KHL 2016-17 Conference Finals Preview
Here we are with only four teams still standing in the KHL’s Gagarin Cup Playoffs! The Conference Finals get underway on Thursday (West Conference) and Friday (East), so read on for a bit a preview and some predictions.
(2) SKA St. Petersburg vs. (4) Lokomotiv Yaroslavl
This is not, safe to say, the West Conference Final we were anticipating, but SKA’s presence is not the surprising bit. SKA have continued their lethal form from the regular season, breezing through two rounds in only nine games, and scoring 37 goals while doing so. Yevgeny Dadonov leads the team in goals and points with a relatively modest line of 9 gp, 5-6-11, but SKA have spread the offence around nicely; six players, including defencemen Anton Belov (9 gp, 2-7-9) and Patrik Hersley (7 gp, 3-6-9) , are scoring a point per game or better. One nice surprise has been the play of defensive forward Yevgeny Ketov; after scoring nine goals in 47 regular season games, he has potted five in the post-season to tie Dadonov for the team lead.
An few eyebrows were raised when coach Oleg Znarok named Mikko Koskinen his playoff starter, after the veteran Finn had been superseded during the regular season by young Igor Shestyorkin. The move, however, has worked beautifully. Koskinen has played every minute, and has had the best post-season of any regular starter; he currently holds a .942 save percentage. And the SKA defence has helped by giving up only about 24 shots per 60 minutes, best among the four semi-finalists, although a first-round rout of Vityaz Moscow Oblast probably inflates that number somewhat.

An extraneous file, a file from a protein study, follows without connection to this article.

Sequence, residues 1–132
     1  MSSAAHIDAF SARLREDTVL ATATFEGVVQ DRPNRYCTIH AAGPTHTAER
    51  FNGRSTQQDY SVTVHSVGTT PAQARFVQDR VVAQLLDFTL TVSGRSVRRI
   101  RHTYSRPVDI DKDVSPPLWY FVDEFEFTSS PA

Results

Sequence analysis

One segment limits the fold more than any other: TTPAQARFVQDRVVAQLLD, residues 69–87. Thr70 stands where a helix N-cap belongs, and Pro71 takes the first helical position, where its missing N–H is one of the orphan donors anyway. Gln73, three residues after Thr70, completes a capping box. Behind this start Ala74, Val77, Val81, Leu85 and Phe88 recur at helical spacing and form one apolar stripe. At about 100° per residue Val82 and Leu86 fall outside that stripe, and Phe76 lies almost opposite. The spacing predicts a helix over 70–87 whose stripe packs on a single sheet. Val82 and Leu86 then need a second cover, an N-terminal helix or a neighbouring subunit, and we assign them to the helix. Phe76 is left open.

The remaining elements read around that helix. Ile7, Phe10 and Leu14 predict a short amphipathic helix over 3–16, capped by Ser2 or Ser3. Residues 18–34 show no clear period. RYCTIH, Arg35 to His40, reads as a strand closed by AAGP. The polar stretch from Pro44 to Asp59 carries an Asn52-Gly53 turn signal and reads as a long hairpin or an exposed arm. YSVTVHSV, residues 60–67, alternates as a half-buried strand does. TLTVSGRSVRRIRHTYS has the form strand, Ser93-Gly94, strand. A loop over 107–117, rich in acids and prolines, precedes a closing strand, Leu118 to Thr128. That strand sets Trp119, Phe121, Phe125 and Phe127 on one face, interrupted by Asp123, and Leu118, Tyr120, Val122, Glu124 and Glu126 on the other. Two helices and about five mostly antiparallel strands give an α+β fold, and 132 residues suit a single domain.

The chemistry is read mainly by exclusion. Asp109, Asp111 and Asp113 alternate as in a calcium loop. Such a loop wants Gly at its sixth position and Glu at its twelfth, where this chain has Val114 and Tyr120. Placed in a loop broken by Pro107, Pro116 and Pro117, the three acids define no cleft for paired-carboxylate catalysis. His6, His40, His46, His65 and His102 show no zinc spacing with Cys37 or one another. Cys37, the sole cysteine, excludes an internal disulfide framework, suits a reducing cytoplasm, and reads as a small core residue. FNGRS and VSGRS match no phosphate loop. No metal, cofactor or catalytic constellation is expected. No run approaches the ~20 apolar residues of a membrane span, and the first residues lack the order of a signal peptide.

It was supposed to be CSKA Moscow facing SKA in this series, or at least so the standings suggested, but Lokomotiv did the improbable and sent the regular season champs packing in Round 2. Defenceman Jakub Nakládal has been a huge story: he came into this post-season with 33 points in 172 KHL games, but has a line of 6-5-11 so far in 11 playoff contests. Fellow blue-liner Staffan Kronwall is also scoring a point per game (11 gp, 3-8-11). Forward Brandon Kozun, meanwhile, is tied for third in the league in post-season points with a line of 2-12-14 in 11 games.
Lokomotiv may have paid a high price for the upset of CSKA, though. Regular starting goalie Alexei Murygin was injured in Game 4, although that blow was softened by the spectacular play of Alexander Sudnitsin the rest of the way (he stopped 92 of 94 shots in the last two games plus a period of the series — and see video at the start of this post). And in Game 6, Kozun went down with an apparent head injury; the eminently useful Max Talbot was hurt on the same “play,” which earned CSKA’s Grigory Panin two game misconducts and an eight-game suspension. Talbot was able to continue, but Kozun left the game and did not return.